Oct 31, 2022
Last spring, vintner Peter Sisseck, who came to Spain as an outsider three decades ago, was invited by the international gastronomy summit Madrid Fusión to present barrel samples for a showcase of Spain’s elite “Eternal Wines.” With him onstage was a formidable cadre representing leading Spanish bodegas such as Familia Torres, López de Heredia, Marqués de Riscal and La Rioja Alta, along with Ribera del Duero’s mythic Vega Sicilia, each showing their flagship wine in its youth.
The honor marked a new milestone for Sisseck, 60, the Denmark-born winemaker of cult red wine Pingus, now in its 28th vintage in Spain’s Ribera del Duero. “It was one of the highlights of my life, sitting there with the great historic bodegas,” Sisseck would later reflect, with characteristic humility. “And there I was—this crazy Dane.”
Indeed, Sisseck claims no aristocratic family history, Spanish wine pedigree or dynasty. He dropped in from Bordeaux in the 1990s, then rented and later bought a pair of old Tempranillo parcels and started crafting tiny amounts of wine.
From out of nowhere it seemed, Pingus caught a wave of wine lover enthusiasm. Prices soared. Today a bottle retails for upward of $1,100. With Pingus a benchmark for the new Spain, Sisseck, a cerebral, soft-spoken agricultural engineer, is regarded as a visionary.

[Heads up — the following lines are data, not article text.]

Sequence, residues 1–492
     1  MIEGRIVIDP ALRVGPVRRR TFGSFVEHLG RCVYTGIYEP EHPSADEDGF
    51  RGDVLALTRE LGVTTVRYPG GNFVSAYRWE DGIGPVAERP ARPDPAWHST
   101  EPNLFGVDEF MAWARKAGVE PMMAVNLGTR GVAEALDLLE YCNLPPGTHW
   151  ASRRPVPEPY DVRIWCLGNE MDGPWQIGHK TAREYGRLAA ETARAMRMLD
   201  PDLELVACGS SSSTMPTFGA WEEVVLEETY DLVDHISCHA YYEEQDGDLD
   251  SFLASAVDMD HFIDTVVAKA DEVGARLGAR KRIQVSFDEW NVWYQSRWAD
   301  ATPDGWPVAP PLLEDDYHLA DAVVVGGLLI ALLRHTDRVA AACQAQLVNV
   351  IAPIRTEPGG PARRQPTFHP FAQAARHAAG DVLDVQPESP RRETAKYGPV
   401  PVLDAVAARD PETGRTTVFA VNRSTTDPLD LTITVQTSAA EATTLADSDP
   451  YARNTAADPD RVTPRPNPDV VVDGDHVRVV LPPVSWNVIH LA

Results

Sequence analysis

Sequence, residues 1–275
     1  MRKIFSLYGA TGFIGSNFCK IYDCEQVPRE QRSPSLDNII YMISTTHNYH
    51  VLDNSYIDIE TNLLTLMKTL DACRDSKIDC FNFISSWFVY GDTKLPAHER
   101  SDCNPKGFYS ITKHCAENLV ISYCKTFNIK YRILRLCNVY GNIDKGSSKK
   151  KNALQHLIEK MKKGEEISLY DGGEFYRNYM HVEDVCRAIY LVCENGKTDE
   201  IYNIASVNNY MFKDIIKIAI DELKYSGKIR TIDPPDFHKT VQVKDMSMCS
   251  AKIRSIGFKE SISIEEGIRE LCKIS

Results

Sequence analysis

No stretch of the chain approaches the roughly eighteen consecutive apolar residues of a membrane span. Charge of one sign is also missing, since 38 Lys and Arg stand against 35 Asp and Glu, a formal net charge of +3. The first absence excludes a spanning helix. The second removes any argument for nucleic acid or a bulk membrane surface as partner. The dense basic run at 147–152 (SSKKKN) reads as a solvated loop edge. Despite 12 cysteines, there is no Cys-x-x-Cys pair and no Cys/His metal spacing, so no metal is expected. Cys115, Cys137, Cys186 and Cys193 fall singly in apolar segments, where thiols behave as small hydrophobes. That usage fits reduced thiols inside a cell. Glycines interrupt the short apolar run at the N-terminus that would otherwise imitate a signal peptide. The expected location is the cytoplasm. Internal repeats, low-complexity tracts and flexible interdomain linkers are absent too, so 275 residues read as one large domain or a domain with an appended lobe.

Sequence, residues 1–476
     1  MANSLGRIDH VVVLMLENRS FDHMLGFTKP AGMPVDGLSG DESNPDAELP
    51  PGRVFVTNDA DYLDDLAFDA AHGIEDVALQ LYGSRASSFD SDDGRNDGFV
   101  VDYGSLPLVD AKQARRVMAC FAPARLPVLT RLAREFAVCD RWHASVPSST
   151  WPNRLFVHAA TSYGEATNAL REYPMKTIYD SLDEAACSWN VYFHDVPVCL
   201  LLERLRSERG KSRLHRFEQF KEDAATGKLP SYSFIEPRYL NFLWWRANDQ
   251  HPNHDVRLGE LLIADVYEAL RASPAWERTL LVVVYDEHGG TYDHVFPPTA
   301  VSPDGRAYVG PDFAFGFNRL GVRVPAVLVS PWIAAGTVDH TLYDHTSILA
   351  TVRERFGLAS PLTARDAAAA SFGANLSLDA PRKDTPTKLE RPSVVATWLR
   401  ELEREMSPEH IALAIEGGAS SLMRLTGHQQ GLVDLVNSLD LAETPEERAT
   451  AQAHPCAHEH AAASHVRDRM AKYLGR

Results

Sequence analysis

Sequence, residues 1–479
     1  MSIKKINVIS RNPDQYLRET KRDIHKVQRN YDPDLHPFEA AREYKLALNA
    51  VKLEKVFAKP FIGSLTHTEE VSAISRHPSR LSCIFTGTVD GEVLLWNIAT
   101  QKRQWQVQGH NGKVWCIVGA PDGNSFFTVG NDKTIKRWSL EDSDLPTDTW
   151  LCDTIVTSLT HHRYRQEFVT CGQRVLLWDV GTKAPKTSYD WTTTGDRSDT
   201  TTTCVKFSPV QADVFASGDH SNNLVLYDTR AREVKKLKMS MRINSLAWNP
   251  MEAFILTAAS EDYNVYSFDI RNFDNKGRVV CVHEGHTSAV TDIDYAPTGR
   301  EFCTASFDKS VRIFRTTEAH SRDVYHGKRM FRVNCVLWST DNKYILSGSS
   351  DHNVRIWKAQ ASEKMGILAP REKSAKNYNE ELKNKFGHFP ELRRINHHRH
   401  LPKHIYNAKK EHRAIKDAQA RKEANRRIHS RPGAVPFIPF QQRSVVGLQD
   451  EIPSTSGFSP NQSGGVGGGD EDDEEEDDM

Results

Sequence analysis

“He was a revolution in Spain for high-prestige, high-class wines,” Guillermo de Aranzabal Agudo, fifth-generation leader of La Rioja Alta, said just before the Madrid gathering. “He showed that you can do great things in Spain starting with nothing.”
When his turn came to speak in Madrid, Sisseck delivered a self-effacing, down-to-earth message: that Pingus wasn’t even really a winery.
“Pingus is not a bodega,” he told the audience of wine professionals in fluent Spanish. “It’s a vineyard, a vineyard we’ve been exploring for the past 25 years.”
Those few words sum up Sisseck the winemaker: a dogged viticultural researcher, an evangelist for old organic vineyards, and a hardworking and ever-curious craftsman who has benefited from great instincts.
His success doesn’t stop with Pingus. In Ribera del Duero, he has continued to replant old Tempranillo vinestock in labor-intensive vineyards for Dominio de Pingus’ second wine, Flor de Pingus, priced at a tenth of its elite sibling. His partly Utopian négociant label, Psi, runs on buying grapes from old organic vineyards that might otherwise be uprooted. Since 2010, he’s taken his “haute couture viticulture” back to Bordeaux, in St.-Emilion, where he’s partnered in the creation of Château Rocheyron. And his latest project aims to make “Spain’s greatest white wine”: a single-vineyard, solera-aged Sherry in Spain’s sleepy Jerez.
“He is a maniac for excellence,” says Sisseck’s close friend and Priorat wine pioneer Álvaro Palacios. “He only understands excellence in a beautiful way—respecting tradition, respecting nature and respecting the truth of the matter.”